Then along comes the internet, and we can interact with all of them at the same time, if we want. At first, people didn't get this. Flame wars grew hurtful, stalkers got too much personal information, and lovers discovered their true love was a fantasy. This has of course, not passed, but people know how to deal, they understand what is going on, and some times even manage to protect themselves from the problems with different social spaces crashing into each other.

And so, we have the problem with the professor on facebook.

If the journalist had met the professor, asked how the exams papers were, and the professor said "I am reading the worst one ever right now," the journalist would never have printed it. Face it: "professor reads worst paper ever" isn't news.

If the professor had said it, face to face, to everybody from the headmaster of the University to the student who actually wrote it, or even if she was on television and got asked "what are you doing these days?" and she responded "I am reading the worst exam paper ever, right now." it wouldn't be news.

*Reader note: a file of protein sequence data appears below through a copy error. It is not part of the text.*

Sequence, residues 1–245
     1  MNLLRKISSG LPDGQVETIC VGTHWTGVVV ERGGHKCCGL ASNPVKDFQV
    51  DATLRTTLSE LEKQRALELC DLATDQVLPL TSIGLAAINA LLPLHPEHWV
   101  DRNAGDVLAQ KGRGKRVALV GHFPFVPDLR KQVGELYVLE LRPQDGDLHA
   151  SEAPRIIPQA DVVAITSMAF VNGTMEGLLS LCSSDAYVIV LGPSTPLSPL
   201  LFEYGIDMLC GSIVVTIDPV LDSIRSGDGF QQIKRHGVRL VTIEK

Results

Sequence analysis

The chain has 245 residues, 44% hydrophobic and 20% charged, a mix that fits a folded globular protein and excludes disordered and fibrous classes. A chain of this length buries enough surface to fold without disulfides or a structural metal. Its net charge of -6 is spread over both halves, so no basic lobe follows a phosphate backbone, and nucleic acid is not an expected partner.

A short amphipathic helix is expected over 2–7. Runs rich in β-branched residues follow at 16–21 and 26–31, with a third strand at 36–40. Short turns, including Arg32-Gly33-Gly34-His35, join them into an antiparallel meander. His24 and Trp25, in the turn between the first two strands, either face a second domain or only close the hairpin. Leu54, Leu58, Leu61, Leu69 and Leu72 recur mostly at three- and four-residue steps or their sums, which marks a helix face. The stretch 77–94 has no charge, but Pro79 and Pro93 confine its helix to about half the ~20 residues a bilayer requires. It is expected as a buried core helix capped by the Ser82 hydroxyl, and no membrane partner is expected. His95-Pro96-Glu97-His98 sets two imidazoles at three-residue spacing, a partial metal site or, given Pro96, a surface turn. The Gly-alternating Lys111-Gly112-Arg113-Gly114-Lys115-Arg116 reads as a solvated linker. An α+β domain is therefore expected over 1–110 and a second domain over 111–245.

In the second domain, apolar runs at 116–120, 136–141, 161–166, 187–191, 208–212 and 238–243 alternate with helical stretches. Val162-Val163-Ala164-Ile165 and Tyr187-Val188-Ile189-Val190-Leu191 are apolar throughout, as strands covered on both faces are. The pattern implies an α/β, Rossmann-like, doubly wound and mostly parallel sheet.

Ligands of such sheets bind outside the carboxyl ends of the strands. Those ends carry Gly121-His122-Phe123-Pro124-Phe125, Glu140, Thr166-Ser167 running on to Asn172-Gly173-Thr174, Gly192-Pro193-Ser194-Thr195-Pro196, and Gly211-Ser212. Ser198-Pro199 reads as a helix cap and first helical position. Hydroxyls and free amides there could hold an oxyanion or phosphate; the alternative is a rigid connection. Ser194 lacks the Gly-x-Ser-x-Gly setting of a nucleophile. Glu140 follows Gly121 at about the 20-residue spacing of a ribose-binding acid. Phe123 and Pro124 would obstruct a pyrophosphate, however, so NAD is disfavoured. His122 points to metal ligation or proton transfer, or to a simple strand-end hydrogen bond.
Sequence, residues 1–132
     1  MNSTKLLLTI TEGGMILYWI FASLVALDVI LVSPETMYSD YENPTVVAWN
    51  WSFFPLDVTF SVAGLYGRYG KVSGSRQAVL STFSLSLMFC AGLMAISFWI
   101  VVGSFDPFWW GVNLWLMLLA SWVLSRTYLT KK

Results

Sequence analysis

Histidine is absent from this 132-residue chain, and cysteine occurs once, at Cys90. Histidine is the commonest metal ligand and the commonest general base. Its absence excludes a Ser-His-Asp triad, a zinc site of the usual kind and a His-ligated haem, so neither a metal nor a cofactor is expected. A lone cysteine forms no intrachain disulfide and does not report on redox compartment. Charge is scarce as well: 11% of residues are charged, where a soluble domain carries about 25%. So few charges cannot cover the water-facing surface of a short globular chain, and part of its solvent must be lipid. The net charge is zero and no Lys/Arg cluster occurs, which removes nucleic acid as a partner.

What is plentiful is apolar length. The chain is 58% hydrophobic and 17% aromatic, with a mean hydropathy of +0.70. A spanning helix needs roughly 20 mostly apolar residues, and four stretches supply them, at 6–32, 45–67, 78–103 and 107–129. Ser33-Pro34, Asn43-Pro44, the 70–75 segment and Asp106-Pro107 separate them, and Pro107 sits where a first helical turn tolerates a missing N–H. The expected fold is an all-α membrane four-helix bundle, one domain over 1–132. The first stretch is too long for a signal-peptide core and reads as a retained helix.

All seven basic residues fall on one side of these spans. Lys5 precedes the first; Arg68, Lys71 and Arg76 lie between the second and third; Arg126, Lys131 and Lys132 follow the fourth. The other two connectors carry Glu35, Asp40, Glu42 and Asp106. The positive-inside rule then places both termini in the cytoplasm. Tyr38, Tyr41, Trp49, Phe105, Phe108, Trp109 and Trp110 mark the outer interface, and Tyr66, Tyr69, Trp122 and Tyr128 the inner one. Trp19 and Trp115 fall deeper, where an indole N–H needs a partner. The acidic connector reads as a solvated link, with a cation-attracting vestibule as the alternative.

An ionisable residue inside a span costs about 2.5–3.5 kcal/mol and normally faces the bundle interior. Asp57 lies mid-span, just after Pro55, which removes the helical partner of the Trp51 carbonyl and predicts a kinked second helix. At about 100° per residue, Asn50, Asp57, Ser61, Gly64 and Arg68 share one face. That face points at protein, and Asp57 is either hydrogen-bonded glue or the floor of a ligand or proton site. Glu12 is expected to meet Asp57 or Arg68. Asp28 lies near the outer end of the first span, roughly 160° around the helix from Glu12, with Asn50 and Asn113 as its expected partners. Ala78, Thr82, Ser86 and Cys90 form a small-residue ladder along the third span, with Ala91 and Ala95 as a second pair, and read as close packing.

The news rests in the ambivalence of private/public.

In order to get that information, a friend of the professor had to take a screenshot and give it to the journalist. It's like a camera shot of a fashionable wedding where the press is not wanted, it's like peeking past the curtains to see what happens in an other person's party, it's a way to reveal to the public what happens in the private club. The fact that it is possible to exclude some people from seeing that post makes it interesting. It's the constructed duality of public private that makes news. The only news value is the tittilation of the forbidden.